In Malcolm Gladwell’s Outliers: The Story of Success, the author discusses what makes certain individuals successful using multiple examples, from Canadian ice hockey players to Bill Gates.
Throughout the book, Gladwell dismantles what he deems misconceptions about what makes someone successful. In modern Western society, most people believe that success is based on an individual’s combination of hard work and talent. People also tend to think that success can only be attributed to the individual, regardless of his or her circumstances in life at birth. Thus, society views success as a meritocratic pursuit whereby only the best of the best will achieve the greatest heights.
Gladwell suggests, however, that this is an oversimplification and that no one achieves astronomical success alone. Instead, he explains how circumstances, luck, and hard work all interact to create a highly successful individual. For example, he discusses how elite professional ice hockey players in Canada all tend to be born in the first couple months of a calendar year. Because of this, they get grouped in youth recreational leagues with players who were born as late as December 31. As a result, these larger, more developed kids get singled out by coaches as having greater athletic potential. This means they are usually selected for extra coaching and mentorship that the other kids do not receive. Because of this, these players become more elite athletes due to refining their skills, likely meeting the 10,000 Hour Rule that Gladwell cites throughout the book.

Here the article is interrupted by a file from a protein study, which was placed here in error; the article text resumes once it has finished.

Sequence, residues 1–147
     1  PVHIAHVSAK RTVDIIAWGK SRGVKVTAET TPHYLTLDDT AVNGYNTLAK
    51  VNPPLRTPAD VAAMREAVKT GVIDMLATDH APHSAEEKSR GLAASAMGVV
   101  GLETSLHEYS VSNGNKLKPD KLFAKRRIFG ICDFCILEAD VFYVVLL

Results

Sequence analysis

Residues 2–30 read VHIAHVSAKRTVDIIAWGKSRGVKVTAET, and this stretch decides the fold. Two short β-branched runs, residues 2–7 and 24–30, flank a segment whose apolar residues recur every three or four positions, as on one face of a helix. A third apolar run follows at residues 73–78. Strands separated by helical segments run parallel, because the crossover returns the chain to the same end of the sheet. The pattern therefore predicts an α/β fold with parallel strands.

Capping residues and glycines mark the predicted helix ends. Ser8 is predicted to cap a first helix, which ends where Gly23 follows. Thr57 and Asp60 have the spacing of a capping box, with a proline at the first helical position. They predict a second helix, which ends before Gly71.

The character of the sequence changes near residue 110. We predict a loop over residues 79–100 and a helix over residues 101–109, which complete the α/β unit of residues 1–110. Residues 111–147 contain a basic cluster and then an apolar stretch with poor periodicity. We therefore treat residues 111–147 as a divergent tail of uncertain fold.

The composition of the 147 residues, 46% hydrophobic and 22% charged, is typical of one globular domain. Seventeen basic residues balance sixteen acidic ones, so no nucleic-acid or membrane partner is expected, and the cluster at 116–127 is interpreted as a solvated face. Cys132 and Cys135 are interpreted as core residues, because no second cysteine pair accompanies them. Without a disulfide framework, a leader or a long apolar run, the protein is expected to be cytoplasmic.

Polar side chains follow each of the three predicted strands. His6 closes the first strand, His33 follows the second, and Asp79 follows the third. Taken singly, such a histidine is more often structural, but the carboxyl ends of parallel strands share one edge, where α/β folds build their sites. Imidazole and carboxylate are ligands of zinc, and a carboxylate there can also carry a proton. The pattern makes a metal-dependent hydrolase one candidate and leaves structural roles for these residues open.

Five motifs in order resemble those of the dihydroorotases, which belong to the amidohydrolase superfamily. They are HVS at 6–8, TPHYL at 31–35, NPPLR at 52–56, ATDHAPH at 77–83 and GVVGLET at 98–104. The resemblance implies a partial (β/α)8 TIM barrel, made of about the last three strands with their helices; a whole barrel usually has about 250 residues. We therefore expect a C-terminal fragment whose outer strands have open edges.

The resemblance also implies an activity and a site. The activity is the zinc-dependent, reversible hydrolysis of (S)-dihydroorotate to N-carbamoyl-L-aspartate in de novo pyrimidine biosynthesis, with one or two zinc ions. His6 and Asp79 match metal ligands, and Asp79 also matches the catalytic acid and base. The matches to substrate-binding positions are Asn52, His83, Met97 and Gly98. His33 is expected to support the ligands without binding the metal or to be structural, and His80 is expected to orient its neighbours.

Gladwell’s thesis on success is best summed up in a quote from the end of the book, when he states that success:
is not exceptional or mysterious. It is grounded in a web of advantages and inheritances, some deserved, some not, some earned, some just plain lucky . . .
Ultimately, Gladwell suggests that success is not the sole result of talent and hard work but rather a complex set of factors.